Scoliosis: All You Need to Know

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Scoliosis: All You Need to Know
source: seattleneuro.com

Scoliosis is a medical condition in which a person’s spine has an abnormal and “sideways” curvature. This curvature may vary from mild to severe, and if the curve is very pronounced, it can often be noticed by others familiar with the affected person’s appearance. Scoliosis is most common in adolescent girls, especially those diagnosed with a bone disease called osteopenia. Still, it can also occur in as many as 10% of young boys and aging adults. In most cases, the cause is unknown, and treatments are often focused on pain management and prevention of further curvature. If you have scoliosis, you need to see a doctor specializing in diagnosing and treating scoliosis in Sandy Springs for proper treatment.

Symptoms

Scoliosis symptoms vary depending on the severity of the curvature. If you have mild scoliosis, you may not notice anything out of the ordinary at all, while more severe cases can cause back and shoulder pain. Some other symptoms that may occur with scoliosis include :

  • Headaches
  • Loss of the standard spine curve when standing or walking (this may consist of a forward-leaning posture)
  • Soreness in the lower back and shoulders
  • Arm numbness and pain due to pressure on nerves
  • Abnormal breathing patterns such as shallow breathing that occurs when the thoracic curve is present

Causes

There are multiple suspected causes for scoliosis, but the root cause is unknown in most cases. Several conditions can contribute to an abnormal spine curvature, including tumors, cerebral palsy, spinal cord injuries, osteoporosis, and neuromuscular disease. Adolescent idiopathic scoliosis is generally considered an “autoimmune” disease in which the body attacks its cells and tissues, resulting in chronic inflammation. Genetics also plays a role in scoliosis, with males being more likely to be severely affected by the curvature of their spine than females.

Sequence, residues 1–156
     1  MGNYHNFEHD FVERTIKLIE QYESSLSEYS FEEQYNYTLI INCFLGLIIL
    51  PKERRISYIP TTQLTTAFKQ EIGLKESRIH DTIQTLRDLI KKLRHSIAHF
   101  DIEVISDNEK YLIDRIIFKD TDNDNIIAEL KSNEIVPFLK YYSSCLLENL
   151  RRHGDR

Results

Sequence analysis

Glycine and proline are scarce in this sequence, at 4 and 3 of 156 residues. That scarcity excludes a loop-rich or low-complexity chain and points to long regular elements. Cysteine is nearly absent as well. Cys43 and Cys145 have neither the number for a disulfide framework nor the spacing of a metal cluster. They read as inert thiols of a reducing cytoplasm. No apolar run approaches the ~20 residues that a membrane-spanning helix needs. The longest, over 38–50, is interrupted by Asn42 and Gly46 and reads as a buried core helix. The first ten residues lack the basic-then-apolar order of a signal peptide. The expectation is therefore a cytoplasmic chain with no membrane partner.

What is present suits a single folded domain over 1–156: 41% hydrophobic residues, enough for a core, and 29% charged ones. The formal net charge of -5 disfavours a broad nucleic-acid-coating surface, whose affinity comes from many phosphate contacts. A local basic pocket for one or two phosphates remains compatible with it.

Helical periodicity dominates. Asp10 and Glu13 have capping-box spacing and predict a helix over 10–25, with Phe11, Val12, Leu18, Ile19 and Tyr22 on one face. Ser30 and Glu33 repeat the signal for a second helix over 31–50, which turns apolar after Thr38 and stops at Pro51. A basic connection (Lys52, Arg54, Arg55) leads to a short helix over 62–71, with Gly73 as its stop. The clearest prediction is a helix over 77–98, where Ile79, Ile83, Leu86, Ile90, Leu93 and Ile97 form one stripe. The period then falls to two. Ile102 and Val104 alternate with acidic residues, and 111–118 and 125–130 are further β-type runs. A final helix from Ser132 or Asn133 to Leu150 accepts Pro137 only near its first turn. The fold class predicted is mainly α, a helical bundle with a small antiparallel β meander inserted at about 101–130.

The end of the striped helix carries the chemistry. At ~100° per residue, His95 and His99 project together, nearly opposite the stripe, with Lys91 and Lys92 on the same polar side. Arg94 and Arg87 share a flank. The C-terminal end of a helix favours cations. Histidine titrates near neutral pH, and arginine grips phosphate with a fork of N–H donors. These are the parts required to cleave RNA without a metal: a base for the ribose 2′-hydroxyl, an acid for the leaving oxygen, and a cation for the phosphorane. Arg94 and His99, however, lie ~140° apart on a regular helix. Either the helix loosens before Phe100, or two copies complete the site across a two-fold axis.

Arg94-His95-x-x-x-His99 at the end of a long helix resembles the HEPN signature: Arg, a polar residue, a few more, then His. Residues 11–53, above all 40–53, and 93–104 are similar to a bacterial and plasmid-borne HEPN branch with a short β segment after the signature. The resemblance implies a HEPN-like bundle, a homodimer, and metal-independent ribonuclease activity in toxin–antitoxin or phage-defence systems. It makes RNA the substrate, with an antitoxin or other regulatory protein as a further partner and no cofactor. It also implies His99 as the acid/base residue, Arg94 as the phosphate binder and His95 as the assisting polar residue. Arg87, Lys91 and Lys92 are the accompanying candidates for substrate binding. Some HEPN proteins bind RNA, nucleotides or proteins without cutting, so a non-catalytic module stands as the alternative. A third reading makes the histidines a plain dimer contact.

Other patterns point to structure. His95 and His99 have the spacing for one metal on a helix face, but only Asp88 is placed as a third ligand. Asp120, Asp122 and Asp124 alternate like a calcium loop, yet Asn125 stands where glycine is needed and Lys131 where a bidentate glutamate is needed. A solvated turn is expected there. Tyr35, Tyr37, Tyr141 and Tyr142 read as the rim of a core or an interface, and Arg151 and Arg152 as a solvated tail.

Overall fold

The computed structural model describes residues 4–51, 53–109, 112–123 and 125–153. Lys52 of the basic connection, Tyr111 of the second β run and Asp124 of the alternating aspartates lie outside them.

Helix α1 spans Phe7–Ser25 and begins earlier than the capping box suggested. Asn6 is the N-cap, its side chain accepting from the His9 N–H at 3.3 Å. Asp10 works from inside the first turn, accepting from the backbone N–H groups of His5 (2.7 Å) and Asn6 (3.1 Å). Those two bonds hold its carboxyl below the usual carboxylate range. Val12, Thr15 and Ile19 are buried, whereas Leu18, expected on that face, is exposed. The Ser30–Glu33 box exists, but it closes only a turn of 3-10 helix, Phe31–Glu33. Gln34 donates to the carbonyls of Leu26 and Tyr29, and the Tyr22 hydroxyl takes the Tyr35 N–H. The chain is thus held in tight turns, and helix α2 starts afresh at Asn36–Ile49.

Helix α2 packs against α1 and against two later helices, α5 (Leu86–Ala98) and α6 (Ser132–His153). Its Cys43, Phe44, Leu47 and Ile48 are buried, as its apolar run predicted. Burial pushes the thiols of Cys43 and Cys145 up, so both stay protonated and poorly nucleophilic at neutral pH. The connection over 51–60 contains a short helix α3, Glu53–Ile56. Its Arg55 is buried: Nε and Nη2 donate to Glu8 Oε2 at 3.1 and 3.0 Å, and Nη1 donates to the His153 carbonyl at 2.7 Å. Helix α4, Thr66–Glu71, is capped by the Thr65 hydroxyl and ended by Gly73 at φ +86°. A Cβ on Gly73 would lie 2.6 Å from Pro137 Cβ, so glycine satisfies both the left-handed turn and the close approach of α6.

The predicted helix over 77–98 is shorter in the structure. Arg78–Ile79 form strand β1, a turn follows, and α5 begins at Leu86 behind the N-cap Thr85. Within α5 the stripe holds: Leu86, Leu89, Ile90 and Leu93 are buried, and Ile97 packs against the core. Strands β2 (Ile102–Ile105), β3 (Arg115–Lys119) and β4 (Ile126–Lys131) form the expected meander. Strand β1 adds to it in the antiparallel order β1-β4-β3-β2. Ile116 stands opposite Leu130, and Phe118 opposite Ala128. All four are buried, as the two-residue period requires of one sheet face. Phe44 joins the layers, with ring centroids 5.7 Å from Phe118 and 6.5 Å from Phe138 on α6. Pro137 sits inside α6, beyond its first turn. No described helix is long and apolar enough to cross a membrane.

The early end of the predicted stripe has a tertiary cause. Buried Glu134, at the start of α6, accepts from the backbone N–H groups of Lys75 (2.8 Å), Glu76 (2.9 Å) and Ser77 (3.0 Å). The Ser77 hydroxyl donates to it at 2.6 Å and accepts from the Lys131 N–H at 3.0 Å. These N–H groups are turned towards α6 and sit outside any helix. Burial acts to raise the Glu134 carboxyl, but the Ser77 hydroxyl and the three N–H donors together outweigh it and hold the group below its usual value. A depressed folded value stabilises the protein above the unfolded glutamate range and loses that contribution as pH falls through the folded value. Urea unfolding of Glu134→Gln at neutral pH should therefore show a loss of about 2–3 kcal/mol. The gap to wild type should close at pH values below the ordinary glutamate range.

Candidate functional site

Diagnosis

A doctor will need to perform an x-ray of the back and neck to diagnose scoliosis, most likely taking two different views of each side of the spine. They may order additional imaging studies such as computerized tomography (CT), magnetic resonance imaging (MRI), or bone scan. Your doctor may wish to perform an examination of the range of motion in your spine.

Treatment

The severity of scoliosis will determine treatment for this condition. Mild cases are sometimes observed without intervention unless there is accompanying pain. Bracing is often used in adolescents to prevent curvature progression and may need to be worn for several years. Braces and corsets must fit tightly and can become uncomfortable. Still, it is worth enduring stiffness and restricted movement for many patients to avoid the potential long-term problems that result from untreated scoliosis. You may require surgery to prevent further curvature or correct existing deformity for severe cases. Surgery involves realigning the spine, which is usually done by either adding metal rods to straighten the spine or removing sections of bone.

In summary, scoliosis is a medical condition that causes your spine to curve sideways. It may cause headaches, trouble breathing, and soreness in the shoulders and lower back. The primary cause of scoliosis remains unknown. Treatment varies depending on the severity but ranges from bracing to surgery.

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